Israeli research: Steroid use linked to low blood sugar

Findings point to side effect of steroids not previously described in medical literature.

Arutz Sheva Staff ,

Dr. Yisrael Hanimov and Dr. Eyal Leibowitz
Dr. Yisrael Hanimov and Dr. Eyal Leibowitz
Ronit Daviev

In an Israeli study involving more than 45,000 patients, use of steroids (glucocorticoids) was found to be associated with an increase in low blood sugar (hypoglycemia) among the hospitalized population.

Steroids are a family of drugs one of which's roles is to weaken the inflammatory response of the body. They have been used for a variety of medical conditions since their discovery in the 1940s. One of the common uses of steroids is in autoimmune diseases, ie. diseases in which the body's immune system works against the body's own cells.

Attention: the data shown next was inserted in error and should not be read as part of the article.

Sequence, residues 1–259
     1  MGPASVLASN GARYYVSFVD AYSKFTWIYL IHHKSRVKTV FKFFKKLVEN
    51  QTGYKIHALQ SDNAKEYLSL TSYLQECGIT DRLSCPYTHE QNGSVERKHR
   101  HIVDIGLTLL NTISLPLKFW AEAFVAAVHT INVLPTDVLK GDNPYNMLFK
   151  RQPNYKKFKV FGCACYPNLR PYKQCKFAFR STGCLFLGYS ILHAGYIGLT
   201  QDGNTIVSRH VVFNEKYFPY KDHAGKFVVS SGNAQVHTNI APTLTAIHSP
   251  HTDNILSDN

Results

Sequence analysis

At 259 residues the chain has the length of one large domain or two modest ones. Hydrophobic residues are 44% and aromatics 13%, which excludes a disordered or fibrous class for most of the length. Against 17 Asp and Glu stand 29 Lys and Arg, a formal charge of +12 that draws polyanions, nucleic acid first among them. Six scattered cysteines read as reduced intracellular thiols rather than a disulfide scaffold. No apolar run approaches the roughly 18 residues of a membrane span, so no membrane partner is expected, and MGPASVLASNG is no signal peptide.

However, the use of steroids is also associated with side effects of various degrees of severity, which sometimes make it difficult to continue taking the drugs.

In a new study led by Dr. Yisrael Hanimov and Dr. Eyal Leibowitz, published last week in the prestigious American Journal of Medicine and involving 45,272 patients, steroid use was linked to an increase in the prevalence of hypoglycemia in patients admitted to the internal wards.

The findings may indicate a new side effect of steroids not yet described in the medical literature.